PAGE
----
Wednesday, June 8, 2011

Engines of Desire

By Livia Llewellyn
Published by Lethe Press (March 15, 2011)

Engines of Desire is comprised of ten stories, including two novellas and two novelettes. It’s stunning enough even without the knowledge that it is Livia Llewellyn’s debut book. Llewellyn, whose catalog of published work stretches back to 2005, has clearly demonstrated more dedication and patience than many of her peers, this reviewer included, and it shows through in every page of Engines.

Several pieces stand out from the pack. The collection leads off with ‘Horses,’ one of the novelettes, which begins as an end-of-the-world tale and finishes as something else entirely. ‘At the Edge of Ellensburg,’ a novella, tells the story of a college girl wrapped up in her addiction to a mysterious, drug-dealing stranger. ‘The Engine of Desire,’ from which the book gets its title, is about a woman’s decades-spanning association with a girl named Kelly who is definitely more than a girl. ‘Take Your Daughters to Work’ can’t really be described in-depth without ruining it, but further demonstrates Llewellyn’s flair for the apocalyptic and otherworldly. ‘The Four-Hundred Thousand’ is a dystopian piece centered around sacrifice and the supposed greater good, as manipulated by the powers that be. ‘Omphalos,’ the other novelette, is an incestuous round-robin affair that’s main character is at least slightly reminiscent of Jack Sawyer from Stephen King’s Talisman.

As a whole, Engines of Desire can be characterized by two overarching themes. The first is the strong erotic overtones (and the occasional subtle undertone) woven through many of the stories. Llewellyn writes hotter and more graphic scenes than the average horror reader is likely to encounter, almost always to the benefit of whichever story such scenes occur in. The second is the sense of otherworldliness present in several pieces; some of it is outright (the chimera in ‘Her Deepness,’ the book’s other novella, for instance), while much of it is more subtle (elements of both ‘The Engine of Desire’ and ‘Omphalos,’ and Kelly in ‘Engines of Desire,’ for instance, will certainly raise some questions).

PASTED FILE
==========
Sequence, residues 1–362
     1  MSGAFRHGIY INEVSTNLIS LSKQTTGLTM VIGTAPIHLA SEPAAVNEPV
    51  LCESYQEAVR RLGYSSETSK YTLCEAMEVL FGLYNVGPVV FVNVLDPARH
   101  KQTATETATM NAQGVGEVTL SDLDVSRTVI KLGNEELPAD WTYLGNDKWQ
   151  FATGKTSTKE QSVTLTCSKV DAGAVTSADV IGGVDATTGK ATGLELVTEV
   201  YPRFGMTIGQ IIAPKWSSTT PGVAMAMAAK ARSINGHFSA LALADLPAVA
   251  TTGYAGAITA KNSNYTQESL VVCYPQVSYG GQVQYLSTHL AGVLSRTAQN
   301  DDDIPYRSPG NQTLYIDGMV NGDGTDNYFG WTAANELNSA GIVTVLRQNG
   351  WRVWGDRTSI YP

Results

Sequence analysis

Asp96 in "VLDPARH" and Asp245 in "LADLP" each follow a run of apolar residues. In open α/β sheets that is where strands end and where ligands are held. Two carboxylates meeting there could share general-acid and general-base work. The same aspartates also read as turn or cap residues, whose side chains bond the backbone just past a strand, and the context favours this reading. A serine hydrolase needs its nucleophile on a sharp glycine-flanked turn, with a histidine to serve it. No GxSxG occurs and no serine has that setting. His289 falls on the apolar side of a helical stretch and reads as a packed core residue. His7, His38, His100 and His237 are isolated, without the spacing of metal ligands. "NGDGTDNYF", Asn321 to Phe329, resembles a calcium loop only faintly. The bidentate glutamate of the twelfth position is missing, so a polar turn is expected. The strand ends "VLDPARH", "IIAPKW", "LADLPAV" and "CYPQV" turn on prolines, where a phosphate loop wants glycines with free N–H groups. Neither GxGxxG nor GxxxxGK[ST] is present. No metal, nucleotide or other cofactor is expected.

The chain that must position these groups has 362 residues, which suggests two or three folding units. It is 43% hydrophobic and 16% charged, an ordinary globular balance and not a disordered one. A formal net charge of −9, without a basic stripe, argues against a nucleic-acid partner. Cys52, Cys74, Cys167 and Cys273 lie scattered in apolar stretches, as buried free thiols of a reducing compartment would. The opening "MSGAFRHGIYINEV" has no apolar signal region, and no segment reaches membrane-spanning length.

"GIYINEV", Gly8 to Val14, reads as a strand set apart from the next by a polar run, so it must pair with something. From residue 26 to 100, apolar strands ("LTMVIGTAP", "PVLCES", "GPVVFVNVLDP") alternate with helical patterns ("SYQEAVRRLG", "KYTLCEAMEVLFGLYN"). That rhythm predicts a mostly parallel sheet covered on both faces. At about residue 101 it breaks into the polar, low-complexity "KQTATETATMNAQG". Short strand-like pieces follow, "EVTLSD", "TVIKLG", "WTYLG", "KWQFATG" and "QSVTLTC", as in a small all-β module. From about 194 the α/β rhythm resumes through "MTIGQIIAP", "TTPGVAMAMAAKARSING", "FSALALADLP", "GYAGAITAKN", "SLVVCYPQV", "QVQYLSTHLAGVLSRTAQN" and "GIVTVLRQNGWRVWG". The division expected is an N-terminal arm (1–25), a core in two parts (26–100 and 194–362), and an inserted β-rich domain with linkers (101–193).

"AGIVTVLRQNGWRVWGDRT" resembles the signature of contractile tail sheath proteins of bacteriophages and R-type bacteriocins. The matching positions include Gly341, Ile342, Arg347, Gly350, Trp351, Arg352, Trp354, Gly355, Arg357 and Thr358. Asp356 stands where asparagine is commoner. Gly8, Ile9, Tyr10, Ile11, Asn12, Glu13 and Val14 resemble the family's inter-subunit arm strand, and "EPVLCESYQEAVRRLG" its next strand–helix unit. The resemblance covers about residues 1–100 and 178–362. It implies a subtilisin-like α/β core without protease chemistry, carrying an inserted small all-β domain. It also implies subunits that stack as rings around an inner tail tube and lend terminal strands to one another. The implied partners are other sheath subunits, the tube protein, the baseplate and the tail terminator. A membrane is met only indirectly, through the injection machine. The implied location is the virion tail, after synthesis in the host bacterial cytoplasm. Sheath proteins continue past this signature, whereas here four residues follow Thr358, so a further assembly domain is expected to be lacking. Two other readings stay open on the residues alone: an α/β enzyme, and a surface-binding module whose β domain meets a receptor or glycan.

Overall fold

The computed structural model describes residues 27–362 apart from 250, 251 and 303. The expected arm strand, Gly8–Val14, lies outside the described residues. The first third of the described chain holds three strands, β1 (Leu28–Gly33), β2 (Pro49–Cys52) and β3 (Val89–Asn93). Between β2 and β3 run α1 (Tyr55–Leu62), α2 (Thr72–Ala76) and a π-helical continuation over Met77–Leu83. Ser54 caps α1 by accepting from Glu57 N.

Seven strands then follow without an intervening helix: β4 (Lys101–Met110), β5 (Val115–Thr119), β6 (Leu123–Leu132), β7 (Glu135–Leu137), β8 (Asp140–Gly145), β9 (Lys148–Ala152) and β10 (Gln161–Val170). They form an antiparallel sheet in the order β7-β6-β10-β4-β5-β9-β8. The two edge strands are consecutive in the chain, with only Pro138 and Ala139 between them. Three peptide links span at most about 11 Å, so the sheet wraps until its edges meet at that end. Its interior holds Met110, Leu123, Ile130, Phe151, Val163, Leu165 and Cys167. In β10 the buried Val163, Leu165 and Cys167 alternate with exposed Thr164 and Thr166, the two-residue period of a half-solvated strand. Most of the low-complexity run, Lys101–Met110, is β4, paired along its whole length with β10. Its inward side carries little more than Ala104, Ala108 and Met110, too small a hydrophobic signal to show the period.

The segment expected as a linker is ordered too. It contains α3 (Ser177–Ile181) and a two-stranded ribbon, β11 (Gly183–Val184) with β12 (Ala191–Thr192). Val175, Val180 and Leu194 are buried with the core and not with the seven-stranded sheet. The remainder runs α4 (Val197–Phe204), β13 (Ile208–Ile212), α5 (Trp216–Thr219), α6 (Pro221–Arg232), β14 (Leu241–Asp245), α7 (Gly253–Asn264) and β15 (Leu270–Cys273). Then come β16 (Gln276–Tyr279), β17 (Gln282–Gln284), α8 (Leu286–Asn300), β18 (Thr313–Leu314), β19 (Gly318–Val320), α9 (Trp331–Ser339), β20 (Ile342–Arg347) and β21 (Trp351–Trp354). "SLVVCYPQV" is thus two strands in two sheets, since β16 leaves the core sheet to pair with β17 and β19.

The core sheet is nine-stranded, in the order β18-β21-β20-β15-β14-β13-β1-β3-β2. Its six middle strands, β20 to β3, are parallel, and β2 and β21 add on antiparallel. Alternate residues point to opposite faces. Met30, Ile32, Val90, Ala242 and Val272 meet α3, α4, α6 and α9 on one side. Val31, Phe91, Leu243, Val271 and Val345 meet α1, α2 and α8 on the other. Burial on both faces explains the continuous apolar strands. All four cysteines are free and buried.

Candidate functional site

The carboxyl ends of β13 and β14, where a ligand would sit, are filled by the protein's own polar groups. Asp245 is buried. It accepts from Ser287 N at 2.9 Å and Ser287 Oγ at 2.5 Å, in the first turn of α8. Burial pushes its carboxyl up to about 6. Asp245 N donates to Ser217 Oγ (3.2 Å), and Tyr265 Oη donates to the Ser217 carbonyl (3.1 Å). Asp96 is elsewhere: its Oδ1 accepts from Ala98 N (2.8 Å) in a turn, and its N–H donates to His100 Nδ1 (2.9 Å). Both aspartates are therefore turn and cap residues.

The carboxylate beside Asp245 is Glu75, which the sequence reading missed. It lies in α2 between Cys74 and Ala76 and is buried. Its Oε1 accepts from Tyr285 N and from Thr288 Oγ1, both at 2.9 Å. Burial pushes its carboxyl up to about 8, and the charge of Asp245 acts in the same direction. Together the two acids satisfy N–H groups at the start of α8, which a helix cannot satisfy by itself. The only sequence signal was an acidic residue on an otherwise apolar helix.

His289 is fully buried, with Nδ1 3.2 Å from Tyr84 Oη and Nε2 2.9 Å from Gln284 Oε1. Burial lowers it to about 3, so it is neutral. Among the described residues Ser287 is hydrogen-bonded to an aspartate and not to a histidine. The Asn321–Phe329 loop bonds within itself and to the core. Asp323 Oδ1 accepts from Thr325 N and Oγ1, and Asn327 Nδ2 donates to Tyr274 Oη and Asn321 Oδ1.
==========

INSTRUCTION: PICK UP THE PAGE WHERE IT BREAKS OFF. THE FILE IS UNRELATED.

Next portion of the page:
Engines of Desire is an excellent introduction to a fine, relatively new, author who is sure to develop a rabid following in years to come.

Buy it here.

Review by Lincoln Crisler

Lincoln Crisler's debut novella, WILD, was released in March from Damnation Books. He has also authored a pair of short story collections, Magick & Misery (2009, Black Bed Sheet) and Despairs & Delights (2008, Arctic Wolf). A United States Army combat veteran and non-commissioned officer, Lincoln lives in Augusta, Georgia with his wife and two of his three children. You can visit his website at

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